Discussion in 'Amp Central Station' started by Tele Plucker, May 15, 2019.

  1. KelvinS1965

    KelvinS1965 Tele-Holic

    Apr 9, 2014
    Wokingham England
    Can't choose for you, but I do own a '64 CDR and also a Champ clone (the later I'm sure still isn't close to the sound of a proper '57 Custom deluxe). I absolutely love the clean tones of the '64 and I've used it for a few gigs now and many rehearsals.

    I never seem to be able to get it much over 4 on the CDR even playing with an acoustic drummer, so I don't get close to using up it's headroom. For dirt I use an Xotic SL drive which sounds close enough in a band situation for the Marshall dirt sound when I want it, but I don't tend to use any other pedals with it.

    The Champ clone is a completely different device and getting natural overdrive from it is much easier (as I would imagine the '57 CD would be). So I'm sure it's more a matter of what you want from your next amp and whether you are happy to use pedals for dirt or prefer an over-driven amp (and can run it high enough to achieve that sound).

    Of course the obvious answer is to get both. ;):D
  2. Tele Plucker

    Tele Plucker Tele-Meister

    Apr 25, 2015
    Twin Cities, Mn
    Hey All,

    Now that I see more comments coming in, I have to interject another fly in the ointment...so to speak.

    As mentioned at the onset of this post, in recent times my amp has been a Blues Jr. But.....I failed to mention that I pretty much always using a compressor pedal. For years it was a 70’s vintage Dyna-Comp. These days it’s a Tone Press. Very nice transparent pedal, and it does tame the overdriving of the Blues Jr.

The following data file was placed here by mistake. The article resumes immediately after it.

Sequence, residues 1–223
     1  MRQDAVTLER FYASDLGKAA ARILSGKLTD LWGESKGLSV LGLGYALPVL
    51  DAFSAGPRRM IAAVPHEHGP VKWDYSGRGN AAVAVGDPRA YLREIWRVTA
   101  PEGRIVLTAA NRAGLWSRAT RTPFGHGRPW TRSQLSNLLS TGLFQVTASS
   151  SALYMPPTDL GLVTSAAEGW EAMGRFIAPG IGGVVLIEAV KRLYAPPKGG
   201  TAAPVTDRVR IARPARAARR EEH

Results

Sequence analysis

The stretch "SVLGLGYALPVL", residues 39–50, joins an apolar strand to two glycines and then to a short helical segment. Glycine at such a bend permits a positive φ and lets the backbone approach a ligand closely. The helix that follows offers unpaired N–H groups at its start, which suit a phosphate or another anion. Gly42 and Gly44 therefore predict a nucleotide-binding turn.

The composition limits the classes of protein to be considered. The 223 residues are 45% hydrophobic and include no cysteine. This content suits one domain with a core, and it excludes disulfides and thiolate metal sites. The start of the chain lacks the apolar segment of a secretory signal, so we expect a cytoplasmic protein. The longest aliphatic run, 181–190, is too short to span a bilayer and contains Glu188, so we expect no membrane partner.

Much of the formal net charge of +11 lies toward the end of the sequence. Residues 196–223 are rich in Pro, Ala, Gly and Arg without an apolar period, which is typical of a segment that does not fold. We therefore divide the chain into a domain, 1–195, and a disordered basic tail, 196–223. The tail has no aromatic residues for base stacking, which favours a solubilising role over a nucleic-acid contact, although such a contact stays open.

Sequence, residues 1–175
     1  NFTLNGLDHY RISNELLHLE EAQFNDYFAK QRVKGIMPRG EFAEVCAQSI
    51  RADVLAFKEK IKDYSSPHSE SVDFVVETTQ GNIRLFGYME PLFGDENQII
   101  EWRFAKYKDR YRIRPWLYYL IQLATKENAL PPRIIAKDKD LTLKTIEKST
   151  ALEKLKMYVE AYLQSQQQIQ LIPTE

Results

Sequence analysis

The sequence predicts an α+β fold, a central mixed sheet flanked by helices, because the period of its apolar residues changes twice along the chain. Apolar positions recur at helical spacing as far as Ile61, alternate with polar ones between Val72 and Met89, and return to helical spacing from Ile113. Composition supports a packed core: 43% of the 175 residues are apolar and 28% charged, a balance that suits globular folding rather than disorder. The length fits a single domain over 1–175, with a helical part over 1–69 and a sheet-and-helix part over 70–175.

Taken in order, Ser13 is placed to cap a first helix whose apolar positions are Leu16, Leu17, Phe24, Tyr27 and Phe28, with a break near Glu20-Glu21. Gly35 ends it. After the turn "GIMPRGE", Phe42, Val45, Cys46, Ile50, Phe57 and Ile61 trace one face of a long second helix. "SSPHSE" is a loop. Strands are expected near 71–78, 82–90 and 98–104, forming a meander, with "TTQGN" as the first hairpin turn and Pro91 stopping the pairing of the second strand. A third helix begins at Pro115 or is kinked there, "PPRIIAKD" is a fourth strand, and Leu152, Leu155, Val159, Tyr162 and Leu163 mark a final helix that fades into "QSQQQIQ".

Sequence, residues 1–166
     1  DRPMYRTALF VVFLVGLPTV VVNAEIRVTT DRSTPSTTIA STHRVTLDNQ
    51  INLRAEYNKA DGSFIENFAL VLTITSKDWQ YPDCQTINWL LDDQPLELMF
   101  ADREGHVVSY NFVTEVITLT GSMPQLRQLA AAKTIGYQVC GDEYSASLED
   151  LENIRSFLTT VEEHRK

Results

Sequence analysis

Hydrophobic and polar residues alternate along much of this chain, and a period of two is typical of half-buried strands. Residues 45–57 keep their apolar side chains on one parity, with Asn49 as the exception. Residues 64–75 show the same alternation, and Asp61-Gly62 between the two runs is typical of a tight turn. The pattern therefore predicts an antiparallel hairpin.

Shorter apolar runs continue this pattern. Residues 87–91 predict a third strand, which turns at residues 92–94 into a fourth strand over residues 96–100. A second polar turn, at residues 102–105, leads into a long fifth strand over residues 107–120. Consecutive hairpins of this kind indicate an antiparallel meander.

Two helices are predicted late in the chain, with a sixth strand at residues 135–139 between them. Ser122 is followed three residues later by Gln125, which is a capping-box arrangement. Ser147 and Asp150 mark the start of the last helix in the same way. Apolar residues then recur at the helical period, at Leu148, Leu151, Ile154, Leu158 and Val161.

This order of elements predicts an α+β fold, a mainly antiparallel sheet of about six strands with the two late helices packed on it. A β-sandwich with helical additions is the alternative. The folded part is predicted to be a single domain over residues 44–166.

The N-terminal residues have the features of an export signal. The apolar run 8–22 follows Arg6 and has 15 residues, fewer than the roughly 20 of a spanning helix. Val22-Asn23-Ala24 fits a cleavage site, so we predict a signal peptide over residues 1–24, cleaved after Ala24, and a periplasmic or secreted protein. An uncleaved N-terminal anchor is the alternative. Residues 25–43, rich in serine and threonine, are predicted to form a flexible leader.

So, do any of you use compression, and if so, do you find that it takes the over drive as I have alluded to, and would that change anyone’s thought of the ‘57 Custom Deluxe breaking upmtoomsoon?


    ‘64 AVRI Fender Telecaster | vintage blonde
    and 2 recently self built T style part-scasters
    60’s Blackface Twin | too damned heavy
    ‘59 Champ | lovely piece
    and of course, the Blues Jr
  3. coloradojeff

    coloradojeff Tele-Holic

    Feb 17, 2012
    Thanks so much for the input. The '64 HW Custom Deluxe Reverb is at the top of my list.
  4. L.A. Mike

    L.A. Mike Tele-Afflicted

    Mar 1, 2014
    somewhere over a rainbow (Ex-L.A. resident)
    If you put a 12AY7 in V1 you will get more headroom and less gain
    The problem with "will it be loud enough/clean enough" really depends on your band and particularly your drummer.
    If you are using a Blues Jr. now, that's about 15 watts
    Most people on forums will tell you that isn't enough power for a group situation. I don't agree, but if we play a big venue the amps will be miked anyway. 15 watts should be plenty for club work unless your drummer thinks he's John Bonham.
    As you know, the '64 Custom Deluxe Reverb is a Mid-scooped Blackface amp. I think Blackface amps sound great for certain things. If I'm playing Chicago Electric Blues I would prefer the '57 custom Deluxe hands down.
  5. 57fenderstrat

    57fenderstrat Tele-Holic

    Sep 4, 2019
    Binghamton NY
    I have a 57 custom deluxe. With a strat there is some clean, not a ton but it’s great. There is a lot of clean with alittle hair on it though and that’s what I like best. It’s clean but I get compression and bite when I dig in. It’s loud but not unusable at home. I don’t get to crank it often but I really enjoy getting some of the benefit of the tubes starting to work at normal volumes. 12ay7 is your friend and I think it’s best to have low output pickups. I don’t think the tweed deluxe is a one trick pony if your the kind of player that likes to use the volume and tone pots on your guitar. I think it’s loud enough to gig with and is a classic rock machine

    This being said in the future I want to get some kind of fender blackface because once you have one you will want the other at some point. They compliment each other so well. I have never played the 64 and I assume it’s awesome however, it’s getting close to the ballpark of the price of a vintage deluxe reverb.

    If you like getting your gain and tone from the guitar knobs - deluxe

    If you want the reverb and are more prone to using pedals - 64

    At some point in your life get both

    Good luck !